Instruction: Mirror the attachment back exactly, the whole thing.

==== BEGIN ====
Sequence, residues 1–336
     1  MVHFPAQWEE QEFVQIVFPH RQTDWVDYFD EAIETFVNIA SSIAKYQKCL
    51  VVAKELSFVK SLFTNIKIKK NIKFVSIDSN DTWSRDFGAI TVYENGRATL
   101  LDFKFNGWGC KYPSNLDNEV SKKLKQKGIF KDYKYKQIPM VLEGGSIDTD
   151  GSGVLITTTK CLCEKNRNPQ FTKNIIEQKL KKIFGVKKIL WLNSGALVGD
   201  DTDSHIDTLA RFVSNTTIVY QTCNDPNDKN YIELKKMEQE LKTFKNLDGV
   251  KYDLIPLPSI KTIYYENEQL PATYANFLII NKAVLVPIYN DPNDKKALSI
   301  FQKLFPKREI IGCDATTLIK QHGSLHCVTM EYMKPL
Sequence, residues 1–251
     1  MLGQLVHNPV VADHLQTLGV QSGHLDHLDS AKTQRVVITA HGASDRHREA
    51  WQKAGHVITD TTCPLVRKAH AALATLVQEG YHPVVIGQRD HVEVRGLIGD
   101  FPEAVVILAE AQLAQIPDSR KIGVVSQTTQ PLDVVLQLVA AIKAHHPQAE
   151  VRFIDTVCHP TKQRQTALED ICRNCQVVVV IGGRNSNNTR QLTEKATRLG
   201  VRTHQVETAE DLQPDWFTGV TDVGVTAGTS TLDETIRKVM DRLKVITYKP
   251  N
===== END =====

Sequence, residues 1–336
     1  MVHFPAQWEE QEFVQIVFPH RQTDWVDYFD EAIETFVNIA SSIAKYQKCL
    51  VVAKELSFVK SLFTNIKIKK NIKFVSIDSN DTWSRDFGAI TVYENGRATL
   101  LDFKFNGWGC KYPSNLDNEV SKKLKQKGIF KDYKYKQIPM VLEGGSIDTD
   151  GSGVLITTTK CLCEKNRNPQ FTKNIIEQKL KKIFGVKKIL WLNSGALVGD
   201  DTDSHIDTLA RFVSNTTIVY QTCNDPNDKN YIELKKMEQE LKTFKNLDGV
   251  KYDLIPLPSI KTIYYENEQL PATYANFLII NKAVLVPIYN DPNDKKALSI
   301  FQKLFPKREI IGCDATTLIK QHGSLHCVTM EYMKPL
Sequence, residues 1–251
     1  MLGQLVHNPV VADHLQTLGV QSGHLDHLDS AKTQRVVITA HGASDRHREA
    51  WQKAGHVITD TTCPLVRKAH AALATLVQEG YHPVVIGQRD HVEVRGLIGD
   101  FPEAVVILAE AQLAQIPDSR KIGVVSQTTQ PLDVVLQLVA AIKAHHPQAE
   151  VRFIDTVCHP TKQRQTALED ICRNCQVVVV IGGRNSNNTR QLTEKATRLG
   201  VRTHQVETAE DLQPDWFTGV TDVGVTAGTS TLDETIRKVM DRLKVITYKP
   251  N